EXCLUSIVE: Hong Kong Democracy Demonstrations Day 16 — The Empire Strikes Back (sort of)
Posted: October 13, 2014 Filed under: Asia, Breaking News, China, Dr. Strangelove's Notebook
About an hour and half ago a group opposed to the pro-democracy protesters made a concerted attempt to take down the barricades on Queensway Boulevard near where I work. Hearing the commotion, I headed down and snapped some pics. After about a tense hour, the “Antis” backed down and left in groups of ten or twelve.
The “Anti” group heading East on Queensway toward a protester blockade. I’d say there were between 250 and 500 people in this group.
The “Anti” group was accompanied by a handful of taxis. They chanted “OPEN, OPEN” in Cantonese.
The police very quickly mustered and formed lines to separate the two groups.
Looking south, with the “Midlevels” neighborhood (where REALLY rich people — the 0.001% — live in Hong Kong) in the background
Soon the largest group on the scene were curious people drawn down from the surrounding skyscrapers.
Police escort a couple of angry “Anti” folks away who had gotten on the protester side of the barricades and tried to pick fights — I personally witnessed their aggressiveness.
Police lines like this formed very fast to hold strategic roads leading to the site of the confrontation.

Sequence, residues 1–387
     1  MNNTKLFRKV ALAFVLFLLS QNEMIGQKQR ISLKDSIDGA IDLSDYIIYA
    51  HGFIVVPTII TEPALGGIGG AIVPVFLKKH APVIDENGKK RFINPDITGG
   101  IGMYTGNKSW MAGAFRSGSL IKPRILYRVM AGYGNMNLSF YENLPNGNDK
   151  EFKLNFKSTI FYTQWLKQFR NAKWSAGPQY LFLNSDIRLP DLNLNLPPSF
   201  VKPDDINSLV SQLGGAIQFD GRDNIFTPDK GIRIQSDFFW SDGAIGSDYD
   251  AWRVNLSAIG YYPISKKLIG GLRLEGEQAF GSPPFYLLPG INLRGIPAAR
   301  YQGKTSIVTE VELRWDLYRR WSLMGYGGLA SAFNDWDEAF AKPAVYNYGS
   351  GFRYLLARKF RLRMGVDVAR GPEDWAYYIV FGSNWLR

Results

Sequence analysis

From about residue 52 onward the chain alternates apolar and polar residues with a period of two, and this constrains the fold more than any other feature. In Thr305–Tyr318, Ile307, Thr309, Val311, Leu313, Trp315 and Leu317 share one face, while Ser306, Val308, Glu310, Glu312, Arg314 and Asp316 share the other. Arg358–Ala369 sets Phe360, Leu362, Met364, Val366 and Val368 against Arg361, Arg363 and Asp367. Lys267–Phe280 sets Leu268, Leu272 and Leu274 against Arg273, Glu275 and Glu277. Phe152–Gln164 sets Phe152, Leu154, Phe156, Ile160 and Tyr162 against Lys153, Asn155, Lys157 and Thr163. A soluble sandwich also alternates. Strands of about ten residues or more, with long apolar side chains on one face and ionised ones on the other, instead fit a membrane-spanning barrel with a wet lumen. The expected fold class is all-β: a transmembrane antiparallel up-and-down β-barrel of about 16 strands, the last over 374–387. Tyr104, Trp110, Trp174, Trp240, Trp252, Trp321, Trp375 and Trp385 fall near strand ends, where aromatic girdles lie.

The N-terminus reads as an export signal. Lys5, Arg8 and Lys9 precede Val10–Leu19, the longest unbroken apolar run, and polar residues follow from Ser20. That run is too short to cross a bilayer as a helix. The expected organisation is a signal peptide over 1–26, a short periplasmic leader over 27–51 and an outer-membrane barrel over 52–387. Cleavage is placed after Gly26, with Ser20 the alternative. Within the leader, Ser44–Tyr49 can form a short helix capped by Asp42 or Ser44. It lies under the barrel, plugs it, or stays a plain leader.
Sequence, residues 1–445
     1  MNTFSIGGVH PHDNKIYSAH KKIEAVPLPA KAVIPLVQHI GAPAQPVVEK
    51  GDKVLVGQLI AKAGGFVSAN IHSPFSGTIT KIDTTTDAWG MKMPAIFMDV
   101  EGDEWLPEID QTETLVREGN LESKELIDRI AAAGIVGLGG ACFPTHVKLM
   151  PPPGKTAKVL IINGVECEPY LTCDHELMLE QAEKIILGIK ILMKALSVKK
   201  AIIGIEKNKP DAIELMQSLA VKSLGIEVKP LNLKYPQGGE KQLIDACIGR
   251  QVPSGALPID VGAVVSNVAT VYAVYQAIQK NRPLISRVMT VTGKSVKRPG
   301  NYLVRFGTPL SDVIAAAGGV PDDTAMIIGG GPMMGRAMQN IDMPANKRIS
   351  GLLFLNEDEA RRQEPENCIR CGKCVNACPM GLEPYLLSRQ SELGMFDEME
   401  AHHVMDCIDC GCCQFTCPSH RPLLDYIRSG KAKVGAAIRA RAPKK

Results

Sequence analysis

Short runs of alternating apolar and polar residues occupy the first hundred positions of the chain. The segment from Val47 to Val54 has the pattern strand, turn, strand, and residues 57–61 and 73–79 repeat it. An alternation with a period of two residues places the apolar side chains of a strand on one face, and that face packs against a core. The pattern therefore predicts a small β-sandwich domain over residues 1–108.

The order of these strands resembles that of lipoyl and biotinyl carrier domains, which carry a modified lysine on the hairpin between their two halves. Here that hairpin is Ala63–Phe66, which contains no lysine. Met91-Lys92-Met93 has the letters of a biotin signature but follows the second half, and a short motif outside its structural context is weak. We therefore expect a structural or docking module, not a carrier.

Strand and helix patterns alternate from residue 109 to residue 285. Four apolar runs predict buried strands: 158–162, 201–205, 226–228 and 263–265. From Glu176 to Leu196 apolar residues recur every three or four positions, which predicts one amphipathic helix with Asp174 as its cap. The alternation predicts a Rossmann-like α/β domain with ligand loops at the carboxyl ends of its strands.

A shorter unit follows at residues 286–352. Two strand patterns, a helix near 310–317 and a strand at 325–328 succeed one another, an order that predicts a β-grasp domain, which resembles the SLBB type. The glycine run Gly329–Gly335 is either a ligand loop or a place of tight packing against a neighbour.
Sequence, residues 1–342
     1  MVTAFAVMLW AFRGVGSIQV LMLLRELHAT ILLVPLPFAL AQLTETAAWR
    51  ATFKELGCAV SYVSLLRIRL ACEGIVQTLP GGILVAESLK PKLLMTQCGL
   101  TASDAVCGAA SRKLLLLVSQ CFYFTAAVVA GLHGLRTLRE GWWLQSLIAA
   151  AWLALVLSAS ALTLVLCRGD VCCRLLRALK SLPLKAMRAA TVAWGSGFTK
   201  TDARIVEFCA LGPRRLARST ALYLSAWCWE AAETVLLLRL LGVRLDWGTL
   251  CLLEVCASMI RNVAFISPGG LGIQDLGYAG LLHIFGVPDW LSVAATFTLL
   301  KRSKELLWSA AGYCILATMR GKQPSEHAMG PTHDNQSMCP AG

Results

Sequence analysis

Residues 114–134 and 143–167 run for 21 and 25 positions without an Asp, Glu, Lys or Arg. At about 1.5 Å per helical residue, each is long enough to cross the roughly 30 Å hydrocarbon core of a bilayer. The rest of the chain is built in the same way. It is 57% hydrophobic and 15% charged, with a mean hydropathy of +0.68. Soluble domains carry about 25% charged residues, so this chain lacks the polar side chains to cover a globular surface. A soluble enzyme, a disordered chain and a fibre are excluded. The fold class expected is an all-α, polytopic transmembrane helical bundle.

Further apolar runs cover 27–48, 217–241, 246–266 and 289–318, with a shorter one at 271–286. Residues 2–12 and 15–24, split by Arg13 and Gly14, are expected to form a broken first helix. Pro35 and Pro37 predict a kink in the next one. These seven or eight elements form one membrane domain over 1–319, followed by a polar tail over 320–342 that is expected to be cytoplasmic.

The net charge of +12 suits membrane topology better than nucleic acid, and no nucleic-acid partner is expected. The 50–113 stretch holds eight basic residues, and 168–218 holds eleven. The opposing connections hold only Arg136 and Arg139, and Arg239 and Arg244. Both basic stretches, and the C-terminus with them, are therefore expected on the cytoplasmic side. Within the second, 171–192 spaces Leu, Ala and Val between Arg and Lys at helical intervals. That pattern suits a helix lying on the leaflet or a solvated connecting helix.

Police movements around the area were very well coordinated, and their fast work averted an ugly fight. I personally observed multiple occasions where individual policemen and policewomen acted very calmly and professionally to defuse small confrontations.
The average age of the “Anti” people was probably 40 years higher than the pro-democracy protesters. Interestingly, I observed quite a few groups like this of fairly elderly people who seemed to have come together and, in the end left together — accompanied by one or two younger people who seemed to be organizing them.
More of what I called the “Grey Brigade” that I watched for some time. I was convinced by what I saw that they had come and departed as a group organized by a much smaller number of younger people.